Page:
In fact, Morgan said if Samirah’s bill reaches the floor of the Virginia General Assembly, she personally “will be willing to testify against it.” Del. Samirah did not respond to multiple requests for comment.
Samirah’s bill does ban campaign contributions from public service corporations such as electric and gas companies. However, it exempts telecommunications and telephone companies. Morgan said that’s a problem, because many telecom companies have monopolies in their respective markets. They use political donations, Morgan argued, to increase their own profits even further. This happens by lobbying legislators for subsidies and disincentivizing competitors.
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The Latest Attempt at Reform
Morgan pointed to more comprehensive bills from last year’s session to highlight HB 1756’s inadequacies.
Last year, state Sen. Chap Petersen (D-Fairfax) introduced SB 25, while Del. Joshua Cole (D-Fredericksburg) sponsored its companion bill in the House (HB 111). SB 25 prohibited any public service corporation from donating to a political candidate, although Petersen seemed especially focused on curtailing the influence of Dominion Power. After the bill failed to make it out of committee on a 10-5 vote, Petersen expressed his frustration through a social media statement. Dominion has donated $12 million to state politicians since 1996, he wrote. The power company is the largest political donor in Virginia and “nobody else is close.”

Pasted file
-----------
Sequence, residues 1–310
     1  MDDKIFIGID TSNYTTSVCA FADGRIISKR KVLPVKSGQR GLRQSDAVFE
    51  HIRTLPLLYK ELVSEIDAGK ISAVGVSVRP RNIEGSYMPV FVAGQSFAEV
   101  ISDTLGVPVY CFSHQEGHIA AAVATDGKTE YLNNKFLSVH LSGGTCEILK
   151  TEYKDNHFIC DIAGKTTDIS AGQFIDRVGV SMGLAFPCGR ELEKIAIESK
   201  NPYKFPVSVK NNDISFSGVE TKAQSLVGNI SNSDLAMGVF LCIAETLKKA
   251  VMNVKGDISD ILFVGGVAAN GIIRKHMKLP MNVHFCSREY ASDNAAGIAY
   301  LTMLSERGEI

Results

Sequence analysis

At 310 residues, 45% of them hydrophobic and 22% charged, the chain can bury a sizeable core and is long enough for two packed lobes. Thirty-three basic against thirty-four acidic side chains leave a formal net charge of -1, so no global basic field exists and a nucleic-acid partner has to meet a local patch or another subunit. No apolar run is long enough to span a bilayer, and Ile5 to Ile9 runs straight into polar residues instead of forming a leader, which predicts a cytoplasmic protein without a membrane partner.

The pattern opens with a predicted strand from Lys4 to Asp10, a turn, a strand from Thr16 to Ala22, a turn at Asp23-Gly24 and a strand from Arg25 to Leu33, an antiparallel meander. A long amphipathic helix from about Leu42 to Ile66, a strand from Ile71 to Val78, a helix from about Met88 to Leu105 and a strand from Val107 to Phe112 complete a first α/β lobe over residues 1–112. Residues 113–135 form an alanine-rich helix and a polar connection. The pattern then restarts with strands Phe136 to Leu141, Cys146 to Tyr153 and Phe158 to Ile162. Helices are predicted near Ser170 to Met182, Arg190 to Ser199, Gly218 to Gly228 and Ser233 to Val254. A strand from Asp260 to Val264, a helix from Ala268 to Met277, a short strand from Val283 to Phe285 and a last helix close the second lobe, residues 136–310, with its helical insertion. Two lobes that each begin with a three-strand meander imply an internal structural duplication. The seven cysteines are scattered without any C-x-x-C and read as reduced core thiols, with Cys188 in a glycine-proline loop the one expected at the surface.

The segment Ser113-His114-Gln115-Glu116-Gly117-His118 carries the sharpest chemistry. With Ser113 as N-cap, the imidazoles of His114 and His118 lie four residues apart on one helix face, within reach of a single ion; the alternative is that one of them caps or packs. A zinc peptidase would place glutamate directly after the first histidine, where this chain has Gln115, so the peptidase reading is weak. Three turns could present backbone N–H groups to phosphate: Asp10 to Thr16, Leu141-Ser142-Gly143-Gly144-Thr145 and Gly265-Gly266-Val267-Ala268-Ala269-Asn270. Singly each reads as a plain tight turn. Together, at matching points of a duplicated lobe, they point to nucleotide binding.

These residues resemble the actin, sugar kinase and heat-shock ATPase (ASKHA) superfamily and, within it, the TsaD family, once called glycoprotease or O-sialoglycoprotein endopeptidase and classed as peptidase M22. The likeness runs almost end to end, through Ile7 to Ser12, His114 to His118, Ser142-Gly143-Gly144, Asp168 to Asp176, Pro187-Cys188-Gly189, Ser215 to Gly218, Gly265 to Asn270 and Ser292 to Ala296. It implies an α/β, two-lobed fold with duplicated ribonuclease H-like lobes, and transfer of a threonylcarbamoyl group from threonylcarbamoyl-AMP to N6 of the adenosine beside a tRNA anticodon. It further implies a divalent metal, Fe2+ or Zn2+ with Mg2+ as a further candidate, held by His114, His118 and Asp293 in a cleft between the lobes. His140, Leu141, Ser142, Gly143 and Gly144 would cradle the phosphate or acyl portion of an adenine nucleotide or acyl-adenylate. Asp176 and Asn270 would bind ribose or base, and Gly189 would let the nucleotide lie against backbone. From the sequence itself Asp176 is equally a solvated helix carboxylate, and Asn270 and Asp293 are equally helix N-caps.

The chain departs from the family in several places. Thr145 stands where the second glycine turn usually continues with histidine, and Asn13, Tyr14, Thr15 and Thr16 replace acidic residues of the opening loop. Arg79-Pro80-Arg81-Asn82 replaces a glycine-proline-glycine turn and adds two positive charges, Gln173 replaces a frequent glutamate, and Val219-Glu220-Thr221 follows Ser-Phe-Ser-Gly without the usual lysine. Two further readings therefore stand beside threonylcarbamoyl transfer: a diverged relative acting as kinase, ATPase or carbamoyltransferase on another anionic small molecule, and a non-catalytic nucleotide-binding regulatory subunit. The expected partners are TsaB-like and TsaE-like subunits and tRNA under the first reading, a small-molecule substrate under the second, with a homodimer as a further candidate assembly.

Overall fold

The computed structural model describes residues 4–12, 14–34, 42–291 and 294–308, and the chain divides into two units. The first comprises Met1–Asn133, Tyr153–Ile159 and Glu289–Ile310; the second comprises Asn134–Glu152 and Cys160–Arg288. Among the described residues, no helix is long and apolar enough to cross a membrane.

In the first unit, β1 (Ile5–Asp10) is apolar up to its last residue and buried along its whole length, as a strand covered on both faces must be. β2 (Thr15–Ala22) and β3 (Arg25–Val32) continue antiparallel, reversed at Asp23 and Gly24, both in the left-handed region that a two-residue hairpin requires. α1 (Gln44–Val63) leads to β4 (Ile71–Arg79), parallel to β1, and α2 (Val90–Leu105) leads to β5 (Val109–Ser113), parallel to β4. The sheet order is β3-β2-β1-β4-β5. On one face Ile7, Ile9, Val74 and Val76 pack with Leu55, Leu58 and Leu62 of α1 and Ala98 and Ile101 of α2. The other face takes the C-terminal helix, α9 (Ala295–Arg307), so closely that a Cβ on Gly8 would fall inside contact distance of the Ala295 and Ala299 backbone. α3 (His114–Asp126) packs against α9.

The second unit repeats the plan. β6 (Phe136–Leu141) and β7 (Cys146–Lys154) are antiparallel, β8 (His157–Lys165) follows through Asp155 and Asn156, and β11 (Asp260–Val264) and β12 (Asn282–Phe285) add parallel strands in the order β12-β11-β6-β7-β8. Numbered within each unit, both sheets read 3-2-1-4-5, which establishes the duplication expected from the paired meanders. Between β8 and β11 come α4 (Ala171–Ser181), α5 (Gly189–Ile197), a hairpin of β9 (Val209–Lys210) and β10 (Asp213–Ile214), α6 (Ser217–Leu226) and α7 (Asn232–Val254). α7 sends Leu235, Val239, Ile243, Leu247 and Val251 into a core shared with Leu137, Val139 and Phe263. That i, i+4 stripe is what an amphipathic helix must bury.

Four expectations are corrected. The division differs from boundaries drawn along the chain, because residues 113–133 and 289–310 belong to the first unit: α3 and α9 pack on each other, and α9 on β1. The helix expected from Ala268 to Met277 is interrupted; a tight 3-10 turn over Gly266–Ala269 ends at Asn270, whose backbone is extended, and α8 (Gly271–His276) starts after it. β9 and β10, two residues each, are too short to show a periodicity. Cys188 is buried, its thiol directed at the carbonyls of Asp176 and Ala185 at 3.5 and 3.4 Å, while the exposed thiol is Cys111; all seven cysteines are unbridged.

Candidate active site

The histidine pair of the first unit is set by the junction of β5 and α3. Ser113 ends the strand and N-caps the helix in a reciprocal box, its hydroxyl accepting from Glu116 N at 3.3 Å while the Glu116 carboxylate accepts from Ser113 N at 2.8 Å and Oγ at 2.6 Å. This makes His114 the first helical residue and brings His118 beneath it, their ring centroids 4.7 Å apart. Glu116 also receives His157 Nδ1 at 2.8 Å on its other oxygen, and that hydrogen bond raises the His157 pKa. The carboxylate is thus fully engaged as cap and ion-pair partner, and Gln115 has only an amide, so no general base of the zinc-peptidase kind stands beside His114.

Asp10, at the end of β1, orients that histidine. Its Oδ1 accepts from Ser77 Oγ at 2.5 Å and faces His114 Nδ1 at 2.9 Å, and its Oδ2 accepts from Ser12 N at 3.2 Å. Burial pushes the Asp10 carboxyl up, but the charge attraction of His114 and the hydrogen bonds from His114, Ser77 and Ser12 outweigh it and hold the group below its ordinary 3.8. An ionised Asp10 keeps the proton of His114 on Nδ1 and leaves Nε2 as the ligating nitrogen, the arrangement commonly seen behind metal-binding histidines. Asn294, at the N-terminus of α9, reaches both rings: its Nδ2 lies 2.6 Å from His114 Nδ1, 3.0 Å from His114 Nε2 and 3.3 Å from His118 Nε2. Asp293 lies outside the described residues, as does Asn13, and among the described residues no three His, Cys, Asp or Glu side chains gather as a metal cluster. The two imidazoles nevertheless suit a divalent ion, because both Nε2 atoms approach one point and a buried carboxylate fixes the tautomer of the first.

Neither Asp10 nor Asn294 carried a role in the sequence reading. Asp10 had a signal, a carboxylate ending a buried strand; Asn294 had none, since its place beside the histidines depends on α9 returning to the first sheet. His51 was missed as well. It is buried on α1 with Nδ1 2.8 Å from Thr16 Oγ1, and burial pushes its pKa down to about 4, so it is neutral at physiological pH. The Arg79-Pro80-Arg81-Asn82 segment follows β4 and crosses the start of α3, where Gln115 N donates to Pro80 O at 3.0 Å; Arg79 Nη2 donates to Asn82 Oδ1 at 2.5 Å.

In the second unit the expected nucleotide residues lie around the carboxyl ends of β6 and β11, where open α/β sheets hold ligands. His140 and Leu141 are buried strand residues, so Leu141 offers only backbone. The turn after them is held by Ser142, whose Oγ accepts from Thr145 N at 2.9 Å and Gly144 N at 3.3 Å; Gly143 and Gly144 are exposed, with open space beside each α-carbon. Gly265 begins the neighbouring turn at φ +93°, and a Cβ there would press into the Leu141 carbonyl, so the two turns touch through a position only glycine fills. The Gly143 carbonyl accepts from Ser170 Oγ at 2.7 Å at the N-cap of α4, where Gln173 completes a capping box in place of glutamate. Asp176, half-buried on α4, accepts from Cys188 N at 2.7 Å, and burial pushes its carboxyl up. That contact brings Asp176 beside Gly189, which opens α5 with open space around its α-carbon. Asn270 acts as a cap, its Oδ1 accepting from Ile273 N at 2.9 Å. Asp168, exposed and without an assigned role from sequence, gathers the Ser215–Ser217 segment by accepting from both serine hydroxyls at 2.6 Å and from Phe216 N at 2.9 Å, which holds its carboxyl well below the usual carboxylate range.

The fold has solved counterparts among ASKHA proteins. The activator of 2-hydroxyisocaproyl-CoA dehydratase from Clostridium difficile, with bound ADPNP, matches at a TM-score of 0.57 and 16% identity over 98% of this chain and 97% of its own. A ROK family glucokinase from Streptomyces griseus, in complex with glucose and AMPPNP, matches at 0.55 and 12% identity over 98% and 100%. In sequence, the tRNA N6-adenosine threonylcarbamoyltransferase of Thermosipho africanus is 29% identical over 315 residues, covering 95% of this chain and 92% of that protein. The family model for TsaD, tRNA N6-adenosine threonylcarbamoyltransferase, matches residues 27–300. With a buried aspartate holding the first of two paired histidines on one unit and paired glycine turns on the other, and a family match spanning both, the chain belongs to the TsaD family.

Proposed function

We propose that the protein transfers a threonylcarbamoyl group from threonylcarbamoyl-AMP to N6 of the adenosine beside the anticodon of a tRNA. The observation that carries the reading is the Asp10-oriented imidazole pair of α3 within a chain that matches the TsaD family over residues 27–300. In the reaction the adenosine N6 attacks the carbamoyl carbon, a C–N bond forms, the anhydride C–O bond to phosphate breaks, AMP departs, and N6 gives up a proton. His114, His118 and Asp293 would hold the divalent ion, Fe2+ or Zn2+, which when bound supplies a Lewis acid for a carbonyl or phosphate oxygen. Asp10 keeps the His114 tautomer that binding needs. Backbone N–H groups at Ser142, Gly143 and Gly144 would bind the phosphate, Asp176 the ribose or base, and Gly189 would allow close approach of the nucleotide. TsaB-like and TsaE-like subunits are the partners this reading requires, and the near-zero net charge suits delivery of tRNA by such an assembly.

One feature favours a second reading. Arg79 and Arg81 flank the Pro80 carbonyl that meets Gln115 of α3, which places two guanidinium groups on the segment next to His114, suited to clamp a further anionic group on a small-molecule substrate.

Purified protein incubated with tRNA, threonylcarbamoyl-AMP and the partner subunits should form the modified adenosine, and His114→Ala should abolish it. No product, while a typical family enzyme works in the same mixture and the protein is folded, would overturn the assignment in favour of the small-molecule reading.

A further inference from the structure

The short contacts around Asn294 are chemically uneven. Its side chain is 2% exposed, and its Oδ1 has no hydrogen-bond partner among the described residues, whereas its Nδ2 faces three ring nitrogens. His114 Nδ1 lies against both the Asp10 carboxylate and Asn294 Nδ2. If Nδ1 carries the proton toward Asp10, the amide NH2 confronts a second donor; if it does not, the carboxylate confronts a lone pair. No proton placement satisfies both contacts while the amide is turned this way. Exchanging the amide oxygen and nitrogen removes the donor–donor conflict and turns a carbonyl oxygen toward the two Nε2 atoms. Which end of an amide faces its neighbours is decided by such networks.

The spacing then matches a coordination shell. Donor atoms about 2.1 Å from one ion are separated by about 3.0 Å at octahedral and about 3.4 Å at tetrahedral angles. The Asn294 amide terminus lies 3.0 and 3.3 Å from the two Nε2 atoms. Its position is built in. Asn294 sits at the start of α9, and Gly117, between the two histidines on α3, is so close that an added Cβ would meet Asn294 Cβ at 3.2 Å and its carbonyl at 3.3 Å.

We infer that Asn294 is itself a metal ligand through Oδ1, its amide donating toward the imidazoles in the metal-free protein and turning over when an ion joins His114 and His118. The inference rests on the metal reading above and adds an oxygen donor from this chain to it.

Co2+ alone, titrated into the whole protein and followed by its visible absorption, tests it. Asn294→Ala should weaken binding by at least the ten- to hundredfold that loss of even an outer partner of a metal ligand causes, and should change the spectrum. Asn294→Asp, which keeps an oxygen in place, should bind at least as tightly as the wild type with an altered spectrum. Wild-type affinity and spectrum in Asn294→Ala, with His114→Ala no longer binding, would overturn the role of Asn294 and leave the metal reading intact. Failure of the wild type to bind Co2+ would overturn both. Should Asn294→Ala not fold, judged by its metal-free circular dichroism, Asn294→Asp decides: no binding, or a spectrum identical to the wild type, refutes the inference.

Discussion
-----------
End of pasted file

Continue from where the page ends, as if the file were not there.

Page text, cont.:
“Of course, these donations manipulate public policy,” Petersen said, pointing to the 2015 “rate freeze” law that resulted in ratepayers being overcharged by more than $1 billion.